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P-note holders slash positions

Market estimates Rs 5,000 cr unwinding on Monday, Tuesday.
Participatory note (P-note) holders investing in India may have trimmed their positions by Rs 5,000 crore, according to market estimates, as the Indian market fell up to 12 per cent in Monday and Tuesday trading sessions.
The Securities and Exchange Board of India (Sebi) has restricted P-note investments in the derivatives market and asked investors to unwind their positions within 18 months.
At the same time, the regulator has permitted P-note investments in the cash market up to 40 per cent of FIIs’ assets under custody.
An incremental 5 per cent increase in P-note investments has been allowed, subject to the 40 per cent level. P-notes are offshore derivatives instruments (ODIs) issued by FIIs to anonymous investors, who do not come under Sebi’s supervision.
“Roughly 34 FIIs and sub-accounts issue P-Notes which form around 50 per cent of assets under FII. Assuming that most, if not all, pulled out… we think around Rs 5,000 crore still cannot be ruled out,” said Manish Jain, vice-president, structured products group, Atherstone Capital.
Another fund manager said: “P-note holders have unwound their positions. But, that is because of redemptions from overseas investors due to US subprime woes.”
According to stock exchange figures, FIIs sold a net of Rs 7,200-crore on the first two days of this week in the cash segment. However, in the derivatives segment, FIIs were net buyers for Rs 8,774 crore — interpreted as an arbitrage play by the overseas funds.
Moreover, P-note limit is calculated on the basis of the value of the bid and not the margin money paid, said sources.
Consequently, the P-note route is an inefficient way of investing in IPOs, feel market participants. Several P-note holders were trapped after investing in the two mega IPOs — Reliance Power and Future Capital Holdings.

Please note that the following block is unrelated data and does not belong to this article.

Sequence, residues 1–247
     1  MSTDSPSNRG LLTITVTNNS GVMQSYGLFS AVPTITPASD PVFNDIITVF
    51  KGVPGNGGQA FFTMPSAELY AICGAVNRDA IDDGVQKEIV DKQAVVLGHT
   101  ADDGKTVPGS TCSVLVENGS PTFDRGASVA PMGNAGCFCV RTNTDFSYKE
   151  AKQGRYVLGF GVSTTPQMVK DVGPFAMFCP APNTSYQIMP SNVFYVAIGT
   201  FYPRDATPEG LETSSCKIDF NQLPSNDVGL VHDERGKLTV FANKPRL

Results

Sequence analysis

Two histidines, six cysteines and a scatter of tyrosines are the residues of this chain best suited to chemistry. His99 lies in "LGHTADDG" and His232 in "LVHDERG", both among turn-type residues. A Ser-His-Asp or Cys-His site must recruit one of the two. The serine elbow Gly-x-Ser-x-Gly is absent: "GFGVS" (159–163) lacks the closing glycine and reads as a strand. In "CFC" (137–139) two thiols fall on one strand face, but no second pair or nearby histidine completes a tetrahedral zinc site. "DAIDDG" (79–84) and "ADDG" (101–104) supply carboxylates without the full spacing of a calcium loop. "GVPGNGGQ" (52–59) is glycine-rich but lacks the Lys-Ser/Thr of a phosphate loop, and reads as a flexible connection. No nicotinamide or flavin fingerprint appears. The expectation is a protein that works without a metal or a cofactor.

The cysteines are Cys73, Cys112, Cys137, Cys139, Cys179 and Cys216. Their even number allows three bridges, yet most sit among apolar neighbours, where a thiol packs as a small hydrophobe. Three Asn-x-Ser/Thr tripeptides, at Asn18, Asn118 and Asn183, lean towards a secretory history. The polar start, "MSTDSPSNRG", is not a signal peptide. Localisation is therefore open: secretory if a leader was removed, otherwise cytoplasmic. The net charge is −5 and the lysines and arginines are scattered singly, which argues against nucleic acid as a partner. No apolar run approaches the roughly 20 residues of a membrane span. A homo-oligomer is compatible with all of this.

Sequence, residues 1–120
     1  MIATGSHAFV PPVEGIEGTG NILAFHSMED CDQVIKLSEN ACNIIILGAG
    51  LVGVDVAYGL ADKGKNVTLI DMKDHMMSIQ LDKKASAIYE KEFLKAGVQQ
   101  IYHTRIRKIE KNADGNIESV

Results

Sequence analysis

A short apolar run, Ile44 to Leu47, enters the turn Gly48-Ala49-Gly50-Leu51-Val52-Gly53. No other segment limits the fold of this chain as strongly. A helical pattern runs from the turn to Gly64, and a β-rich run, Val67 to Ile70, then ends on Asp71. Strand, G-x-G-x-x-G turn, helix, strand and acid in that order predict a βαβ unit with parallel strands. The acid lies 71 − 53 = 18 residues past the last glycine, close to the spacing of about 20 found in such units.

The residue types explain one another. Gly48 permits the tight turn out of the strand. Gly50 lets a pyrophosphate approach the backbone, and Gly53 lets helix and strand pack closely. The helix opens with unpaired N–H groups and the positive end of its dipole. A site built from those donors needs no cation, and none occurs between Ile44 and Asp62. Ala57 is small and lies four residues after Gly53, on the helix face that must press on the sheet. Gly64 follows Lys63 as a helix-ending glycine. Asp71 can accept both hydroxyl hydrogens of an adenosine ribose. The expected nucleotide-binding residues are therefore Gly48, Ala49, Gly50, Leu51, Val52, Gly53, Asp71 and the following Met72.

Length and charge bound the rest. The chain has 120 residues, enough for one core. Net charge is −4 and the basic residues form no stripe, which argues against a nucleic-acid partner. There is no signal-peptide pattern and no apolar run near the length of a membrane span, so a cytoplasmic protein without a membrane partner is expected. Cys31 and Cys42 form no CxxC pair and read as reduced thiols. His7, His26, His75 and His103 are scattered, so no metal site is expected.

P-note headroom for its holders is limited and divided between investing in the secondary market and the primary market.
Sebi’s recent regulation states that those “FIIs with notional value of PNs outstanding (excluding derivatives) as a percentage of their assets under custody in India of more than 40 per cent shall issue PNs only against cancellation/redemption/closing out of the existing PNs of at least equivalent.”
When the markets tanked on Tuesday, investors cut positions. Weak global markets exacerbated the situation as they rushed to pull out of the Indian market.
“There is bound to be a liquidity grind as we’ll see tightening of monetary policy in Asia and Europe. Till now we’ve seen a lot of liquidity in the equity markets and realty, but as banks tighten the interest rates and global interest rates rise, we’ll start to feel the pinch because then profits will be hit. The US economy has slowed down and some are even terming it as a technical recession,” said Jain.
However, we are still positive with respect to the long term story. But 2008 itself doesn’t look too promising in terms of how much money will come into our markets,” said Jain.
The fact that several FIIs have opted for direct registrations and others are in the pipeline could be a stumbling block. “Applying for IPOs through P-notes is an inefficient way because it is not easy to be able to manage the headroom,” said Paul Parambi, head, International business, Kotak Mahindra Bank.
Several well-known hedge funds have been granted direct entry into the Indian stock markets, nearly three months after Sebi imposed curbs on foreign investments through P-note route. Since the curb, the number of FIIs in India has swelled by 123 to 1,248. “Whatever sell has happened has included P-note holders and hedge funds as well. The lack of incremental capacity in P-notes has led to these players cutting positions in the secondary market,” said a research head of an institutional broking firm. FIIs have sold a net of Rs 7,200-odd crore on the first two days of this week in the cash segment
Foreign investors were, however, net buyers in the derivatives segment for Rs 8,774 crore
Several hedge funds have made direct entry into the Indian stock market after Sebi imposed curbs on foreign investments through P-note route
Since the curb, the number of FIIs in India has swelled to 1,248

Source: Business Standard

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